Once again a government overreach, instituted by people who haven't a clue. Their goal is to appear to be doing something to correct a problem when in reality they only create more ineffective bloat in government. There is no way that remote ID would hold up in court to prosecute a supposed offender unless that person was standing near the aircraft. Ever get a spoofed caller id on your phone? Of course you have -- probably multiple times a day. Does the government actually believe that a remote model ID can't be spoofed? Does the government actually believe that those proposing to do harm with a UAV will be inclined to even put a remote ID in their aircraft? The only people that will be subject to detection and fines will be those individuals flying their craft within line of site of the craft who for one reason or another fail to be using the remote ID while some useless entity monitors known flying sites.

reading the article, and trying to think through to what might be the next logical step, in the event that FAA/DOD get their wish for blanket remote identification; and that some sort of viable technology or chip becomes available that could work an any model. That would mean that there would be a lot of data being created, transmitted and (presumably) stored every day, each time a model is flown. Given that most if this data is going to be non-issue (if someone is flying safely and in a area where legal and permitted) who is going to monitor all this real time data? Who will monitor it as to it's content and meaning? Presumably, if a law breaker or bad drone operator is identified via this data, is someone gong to jump into a car and drive to the last known location to try to locate the offender? Or would that be handed off to local law enforcements? All told, this sounds like an idea where people are impressed by the possibility of future technology, but give no thought to how it would be practically implemented or enforced. Unfortunately this is not an uncommon theme with Federal level legislation and regulation.

I agree that unmanned aerial vehicles should have some type of communication device. But I also agree that a line of sight model of any sort should not because it is under the control of the operator Anything that leaves to control the operator or is no way to prove its origin does alleviating liability should require an identifier IFF. Identification friend or foe worked for many years in the military thus preventing from shooting down civilian aircraft and still works today in the private sector. Unfortunately these identifiers are of a mass larger than most model aircraft can carry. This is why we put identification tags inside and numbers on the outside of aircraft. I’ve never seen a drone with an AMA number on it ever. And I think the industry should keep these two hobbies separate And the AMA should separate itself from them.

{remotely identify their model aircraft}: you are asking pilots/modeler/operator to install a simple IFF transmitter {friend or foe} {which does not exist}in their model at additional cost to them. as of now no one provides them in their product line. what kind of transmission range is required and the power needed from the onboard battery. Is a second antenna needed for this function. if it becomes required per DOD FAA, the manufacture of the onboard receiver needs to comply with this at no additional cost to the consumer after purchase.

No model aircraft flying within line of sight and under 500 FT AGL more than 3 miles from an airport should be required to be identified remotely. Period. I will be one of the non-compliant pilots flying on my own land.

NOT everyone has or even desires to have a smart phone. Forget the APP idea. This whole issue is the result of the commercial Mikeout of control drones guys. The airplane guys are getting screwed. Back to CL, I guess!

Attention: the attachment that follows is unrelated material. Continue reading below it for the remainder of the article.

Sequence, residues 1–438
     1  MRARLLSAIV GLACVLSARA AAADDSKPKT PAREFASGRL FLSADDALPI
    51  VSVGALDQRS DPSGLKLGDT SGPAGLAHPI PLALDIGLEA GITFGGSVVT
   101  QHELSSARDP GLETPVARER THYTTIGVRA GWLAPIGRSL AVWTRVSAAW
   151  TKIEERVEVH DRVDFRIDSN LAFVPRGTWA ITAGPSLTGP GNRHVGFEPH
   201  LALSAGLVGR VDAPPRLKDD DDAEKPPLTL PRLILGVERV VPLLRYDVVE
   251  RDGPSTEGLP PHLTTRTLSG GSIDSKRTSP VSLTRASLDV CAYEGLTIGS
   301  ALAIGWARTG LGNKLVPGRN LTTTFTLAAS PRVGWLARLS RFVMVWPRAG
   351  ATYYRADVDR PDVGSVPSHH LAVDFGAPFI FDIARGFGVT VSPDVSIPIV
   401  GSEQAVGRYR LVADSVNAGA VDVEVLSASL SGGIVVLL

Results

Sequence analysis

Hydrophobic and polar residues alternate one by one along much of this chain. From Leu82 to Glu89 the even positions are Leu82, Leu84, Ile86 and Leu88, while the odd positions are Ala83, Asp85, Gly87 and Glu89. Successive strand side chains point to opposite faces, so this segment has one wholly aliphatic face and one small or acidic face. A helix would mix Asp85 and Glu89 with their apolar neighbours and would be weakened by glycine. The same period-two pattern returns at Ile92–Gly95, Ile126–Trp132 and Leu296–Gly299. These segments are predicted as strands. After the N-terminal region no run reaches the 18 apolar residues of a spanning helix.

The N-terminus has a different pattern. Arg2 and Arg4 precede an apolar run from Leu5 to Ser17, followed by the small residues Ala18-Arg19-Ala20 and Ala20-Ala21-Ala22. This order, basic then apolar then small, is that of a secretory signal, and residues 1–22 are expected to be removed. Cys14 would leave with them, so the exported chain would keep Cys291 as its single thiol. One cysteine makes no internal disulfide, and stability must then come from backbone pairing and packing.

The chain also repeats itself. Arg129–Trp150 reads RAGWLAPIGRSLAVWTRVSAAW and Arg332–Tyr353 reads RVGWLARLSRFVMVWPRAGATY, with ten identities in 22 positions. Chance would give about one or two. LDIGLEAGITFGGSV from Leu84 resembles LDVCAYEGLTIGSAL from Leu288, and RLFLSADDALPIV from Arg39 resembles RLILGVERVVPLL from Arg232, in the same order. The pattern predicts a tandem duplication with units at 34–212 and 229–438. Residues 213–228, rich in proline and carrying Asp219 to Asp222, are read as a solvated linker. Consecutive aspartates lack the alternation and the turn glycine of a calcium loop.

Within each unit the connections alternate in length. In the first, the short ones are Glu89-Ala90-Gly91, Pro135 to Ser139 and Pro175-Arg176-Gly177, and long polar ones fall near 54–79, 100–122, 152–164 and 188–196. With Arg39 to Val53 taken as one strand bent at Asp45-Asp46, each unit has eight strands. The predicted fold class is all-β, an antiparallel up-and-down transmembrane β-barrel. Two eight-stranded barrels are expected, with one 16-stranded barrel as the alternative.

Our Federal Government DOT in all aspects has the responsibility for public safety on our highways, waterways, and in the airspace. Laws and regulations that are currently approved and enacted have not prevented ALL human death and injury, however without laws there would be chaos, so to that end they have had a positive result. This current FAA remote identification has already passed into law. Our hobby has been perceived to be a danger (mainly to those who have never been a part of this hobby). Because we are collectively a very small voter base (follow the dollars for our politicians) our voice which is the AMA will have little impact on changing this new regulation when other wealthy interests are lobbying against us. Therefore, let us develop some commonsense solutions. I believe we should share the responsibility and the cost to comply with this regulation with the general (full scale) aviation community. A possible solution might include use of a small hand-held transmitter like a "walkie-talkie" transmitting on a non-interfering frequency. There are many of these radios with five mile transmitting ranges. There would only be a need for one such device at any active rc field; or hand-held by any independent pilot/operator . This transmitted signal would be received by an appropriate matching receiver installed in every full scale airplane, strong enough to receive that signal. This could give the full scale pilot advance warning that he/she was approaching (within a designed distance) an RC pilot and then be able to safely divert if necessary. Some electronic engineering and manufacturing business should be able to make such a devise at a reasonable cost, and that cost would be the responsibility of those affected. This would take this remote identification regulation out of the realm of perceived invasion of privacy by the FAA identifying each operator. If the FAA is truly interested only in "safety", this should be a reasonable solution. Identification of every rc pilot would only provide law enforcement a target should there be a collision with full scale craft, and would not prevent that collision. The responsibility to operate safely rests with each rc pilot, and with each full scale pilot. We (as a SIG) can't be responsible for the idiots who have no regard for anyone else's safety or well-being, or for the law. Of course the ideal situation would be to rely on "common sense" as we have for so many years and regulate ourselves, but times (and people) have changed, so we are again the "dog chasing its tail" and we seem to be the tail again.